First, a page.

If you don't like this, we can't be friends.
Very interesting film. Was caught on the premise when seeing the trailer but unsure as to what the outcome would be for the showing. As it turns out, it was a very good film.
The story, direction, characters, and writing/dialogue is akin to taking a tranquilizer shot to the neck, but everything else was so well done.
There are moments in this movie where the great movie it could've been peek out... They're fleeting, here, but they're worth savoring, and they happen often enough to make it worth your while.
It's 1943, 766 days before Hiroshima. Charlie Isaacs with his wife Abby and young son arrive at the secret Los Alamos research base tasked with creating the atomic bomb, the Manhattan Project. Reed Akley is the chief designer under Robert Oppenheimer. He hopes that Charlie has the answer to his problem. Dr. Frank Winter leads a small group on an alternative design. The group includes Helen Prins, Paul Crosley, Glen Babbit, Jim Meeks, Fritz Fedowitz, and Sid Liao. Family life is a struggle in the armed camp. Frank's botanist wife Dr. Liza Winter slowly uncovers the secret while daughter Callie is tired of the camp. Through it all, there is the threat of the Nazi program and spies within the camp.This is a fictionalization of the real Manhattan project. I like the first season with the personal ambitions, scientific intrigue, and rivalry. There are situations that seems wrong but it's still very compelling. The second season starts going down a rocky path. It starts with Frank's Kafkaesque imprisonment. It's surreal with an obvious reveal. It also separates Frank from the rest of the show. Without Frank, the rest of the show sputters. By the time he returns, the show has stalled and struggles to recover. The espionage is intriguing but time and time again, the characters do unlikely actions. The show becomes more and more unreal. The final ending stalks the show. I almost wish for the show to create an alternate world history. It is also limited with a definitive expiry date. Two seasons are enough.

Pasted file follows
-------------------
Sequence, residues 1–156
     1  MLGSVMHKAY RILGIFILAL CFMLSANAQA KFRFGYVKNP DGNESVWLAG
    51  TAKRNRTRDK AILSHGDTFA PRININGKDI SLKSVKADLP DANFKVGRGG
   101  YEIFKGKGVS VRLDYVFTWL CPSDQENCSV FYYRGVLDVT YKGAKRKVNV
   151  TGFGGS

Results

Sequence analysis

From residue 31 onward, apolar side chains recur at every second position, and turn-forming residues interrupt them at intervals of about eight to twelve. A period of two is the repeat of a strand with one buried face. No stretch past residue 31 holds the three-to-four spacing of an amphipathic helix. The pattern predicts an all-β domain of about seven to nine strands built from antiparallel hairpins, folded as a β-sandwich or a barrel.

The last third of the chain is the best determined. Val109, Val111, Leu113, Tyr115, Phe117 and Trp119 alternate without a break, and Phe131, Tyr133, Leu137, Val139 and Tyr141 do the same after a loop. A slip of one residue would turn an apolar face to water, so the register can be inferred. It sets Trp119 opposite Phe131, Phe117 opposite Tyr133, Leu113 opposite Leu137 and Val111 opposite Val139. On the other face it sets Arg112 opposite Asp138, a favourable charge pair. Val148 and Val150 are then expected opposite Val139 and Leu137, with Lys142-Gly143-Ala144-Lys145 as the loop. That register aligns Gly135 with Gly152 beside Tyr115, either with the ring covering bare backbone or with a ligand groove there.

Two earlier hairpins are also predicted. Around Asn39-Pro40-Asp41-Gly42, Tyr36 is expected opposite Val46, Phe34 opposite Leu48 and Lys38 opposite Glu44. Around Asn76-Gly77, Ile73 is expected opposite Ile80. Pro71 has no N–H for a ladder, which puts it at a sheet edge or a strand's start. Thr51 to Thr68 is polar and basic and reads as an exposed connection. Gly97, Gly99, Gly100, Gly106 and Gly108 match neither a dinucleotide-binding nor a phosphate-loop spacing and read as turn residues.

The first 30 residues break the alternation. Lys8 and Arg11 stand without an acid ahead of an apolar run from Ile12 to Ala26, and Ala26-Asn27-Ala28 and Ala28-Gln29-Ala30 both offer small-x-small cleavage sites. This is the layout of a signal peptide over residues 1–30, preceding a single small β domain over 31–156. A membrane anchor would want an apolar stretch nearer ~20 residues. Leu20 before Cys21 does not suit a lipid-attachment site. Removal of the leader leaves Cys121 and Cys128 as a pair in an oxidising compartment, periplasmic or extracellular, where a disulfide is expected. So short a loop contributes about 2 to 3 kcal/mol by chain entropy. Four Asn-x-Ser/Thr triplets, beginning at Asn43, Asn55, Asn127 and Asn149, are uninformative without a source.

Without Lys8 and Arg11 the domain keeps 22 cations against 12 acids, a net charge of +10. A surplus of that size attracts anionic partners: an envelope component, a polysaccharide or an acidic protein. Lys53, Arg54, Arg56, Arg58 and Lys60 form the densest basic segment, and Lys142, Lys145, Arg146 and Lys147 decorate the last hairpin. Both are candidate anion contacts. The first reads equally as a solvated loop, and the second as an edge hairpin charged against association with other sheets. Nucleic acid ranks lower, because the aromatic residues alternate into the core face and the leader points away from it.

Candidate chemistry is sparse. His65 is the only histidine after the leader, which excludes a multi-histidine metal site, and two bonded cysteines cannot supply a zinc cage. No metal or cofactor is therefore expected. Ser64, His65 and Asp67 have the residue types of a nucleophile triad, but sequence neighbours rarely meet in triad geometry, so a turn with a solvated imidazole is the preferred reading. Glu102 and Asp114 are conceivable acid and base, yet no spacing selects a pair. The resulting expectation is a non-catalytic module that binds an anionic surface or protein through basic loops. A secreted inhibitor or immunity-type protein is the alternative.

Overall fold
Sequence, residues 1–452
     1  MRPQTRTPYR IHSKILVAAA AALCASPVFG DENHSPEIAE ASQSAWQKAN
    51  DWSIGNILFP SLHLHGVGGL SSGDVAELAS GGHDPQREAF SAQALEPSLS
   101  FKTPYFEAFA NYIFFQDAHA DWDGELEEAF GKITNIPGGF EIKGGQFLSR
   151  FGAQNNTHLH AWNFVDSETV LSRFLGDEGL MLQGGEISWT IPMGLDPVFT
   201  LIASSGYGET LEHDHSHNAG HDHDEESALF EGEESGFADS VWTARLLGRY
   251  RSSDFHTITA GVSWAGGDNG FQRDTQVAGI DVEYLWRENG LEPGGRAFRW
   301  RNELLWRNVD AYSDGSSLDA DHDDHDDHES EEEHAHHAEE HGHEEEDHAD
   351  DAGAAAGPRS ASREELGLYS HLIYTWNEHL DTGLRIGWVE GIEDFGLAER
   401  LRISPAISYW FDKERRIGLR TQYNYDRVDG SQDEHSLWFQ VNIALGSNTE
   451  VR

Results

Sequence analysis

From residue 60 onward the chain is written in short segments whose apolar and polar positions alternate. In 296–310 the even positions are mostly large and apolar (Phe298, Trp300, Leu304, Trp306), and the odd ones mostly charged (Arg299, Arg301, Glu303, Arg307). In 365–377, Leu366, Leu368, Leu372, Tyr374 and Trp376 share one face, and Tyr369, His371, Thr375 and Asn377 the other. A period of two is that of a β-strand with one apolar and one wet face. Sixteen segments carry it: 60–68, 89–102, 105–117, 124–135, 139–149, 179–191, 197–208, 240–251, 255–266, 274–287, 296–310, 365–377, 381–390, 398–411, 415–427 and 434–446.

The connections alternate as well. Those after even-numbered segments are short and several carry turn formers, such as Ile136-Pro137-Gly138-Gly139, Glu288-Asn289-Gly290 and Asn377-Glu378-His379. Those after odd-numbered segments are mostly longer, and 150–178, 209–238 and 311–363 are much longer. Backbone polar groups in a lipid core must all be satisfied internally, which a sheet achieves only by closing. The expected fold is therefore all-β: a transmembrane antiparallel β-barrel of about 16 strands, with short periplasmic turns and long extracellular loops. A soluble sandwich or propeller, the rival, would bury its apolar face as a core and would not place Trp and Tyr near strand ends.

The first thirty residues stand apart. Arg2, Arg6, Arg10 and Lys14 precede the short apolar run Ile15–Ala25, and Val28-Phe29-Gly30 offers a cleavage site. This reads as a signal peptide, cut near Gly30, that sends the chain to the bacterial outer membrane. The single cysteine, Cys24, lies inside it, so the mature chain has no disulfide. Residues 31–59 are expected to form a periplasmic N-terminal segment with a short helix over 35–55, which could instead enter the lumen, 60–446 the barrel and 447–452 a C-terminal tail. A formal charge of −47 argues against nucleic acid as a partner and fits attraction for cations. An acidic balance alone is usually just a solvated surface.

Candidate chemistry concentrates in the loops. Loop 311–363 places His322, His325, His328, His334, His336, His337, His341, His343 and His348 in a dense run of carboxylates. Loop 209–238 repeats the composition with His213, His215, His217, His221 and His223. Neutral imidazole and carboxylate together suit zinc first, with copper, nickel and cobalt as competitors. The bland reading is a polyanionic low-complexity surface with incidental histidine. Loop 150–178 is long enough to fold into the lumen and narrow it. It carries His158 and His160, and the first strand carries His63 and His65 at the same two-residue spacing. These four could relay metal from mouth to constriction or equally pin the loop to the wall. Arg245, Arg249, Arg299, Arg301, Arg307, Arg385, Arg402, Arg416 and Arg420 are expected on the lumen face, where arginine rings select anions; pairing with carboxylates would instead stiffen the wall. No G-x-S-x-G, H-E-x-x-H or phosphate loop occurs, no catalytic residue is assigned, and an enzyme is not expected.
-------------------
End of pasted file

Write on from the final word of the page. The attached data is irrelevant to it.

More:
'Manhattan' is the sort of show, actually scratch that, there is no show truly like Manhattan out there. This is a show that is attempting to say something deeply profound about the most important, most dangerous bit of technology that mankind has ever produced and (given incremental improvements over the last 70 odd years) will likely not be surpassed for centuries. And that profound message is this, any argument of the necessity of the creation of the A-bomb, was just that, merely an argument. The bomb was created by scientists who felt they were doing their part to end the war, doing their part to save lives, but it was funded by a military and government that believed itself to be "the most noble civilization in human history", a government that sought to bring peace, justice and democracy to the world through fear. Make no mistake, the network may have 'America' in its label, but this is no patriotic propaganda piece. The shows starts off bombarding the audience with the depth of the secrecy surrounding the Manhattan project, then demonstrates (albeit in a largely fictional manner) the cost of that secrecy in both human sanity and actual lives. Each scene, each character is as complex as the 'gadget' they are all part of constructing, this show is a total mess, but in a good way.Its a TV show with completely unpredictable story lines, with characters who jump back and forth between ideals, motivations and needs. It beautifully catalogs what it means to be human, to live in a complex world packed full of both sympathy and ruthlessness. Where conflicting emotional and rational forces comes at odds with each other, sometimes for better, sometimes for the worst.This is slow painful television, like 'Breaking Bad', 'The Wire' or the 'Sopranos', but where as those shows avoided the actual (or official) politics of the world around them, Manhattan thrives off its context. And that is not to say there are much scenes depicting the war itself, but rather the dirty, gritty, morally questionable side to keeping a nation and its individual citizens motivated in a time of all out war (there is heaps of spy-craft to be encountered here).A patient watcher of this show will learn a lot, not about the history or science that this show is steeped in (although I imagine those interested in the history of Physics will relish much offered here), but rather that that our greatest enemies aren't the monsters abroad, but those we create in our own backyards, in our own minds, in our own hearts to cope with the fear, the guilt, the crumbling pride. I hope that the lessons this show has to offer will never need be used in your life, but if you are to find yourself in a situation where manipulation, threat of force and the illusion of duty and righteousness are used as a regular means to get people to dismiss the moral objection to killing, this show may just help you avoid the same mistakes the flawed and believable characters of this show so readily make. One last point, if the visuals and soundtrack of the opening sequence doesn't work for you (as it pretty much encapsulates how the show feels), or if the endpoint of the series being a very well known historical event is some sort of plot spoiler, then perhaps you should rightly move on. Im not saying there aren't any jaw dropping surprises, the first few episodes of season 2 are wondrously packed with them, its only that's not the point of this majestic drama.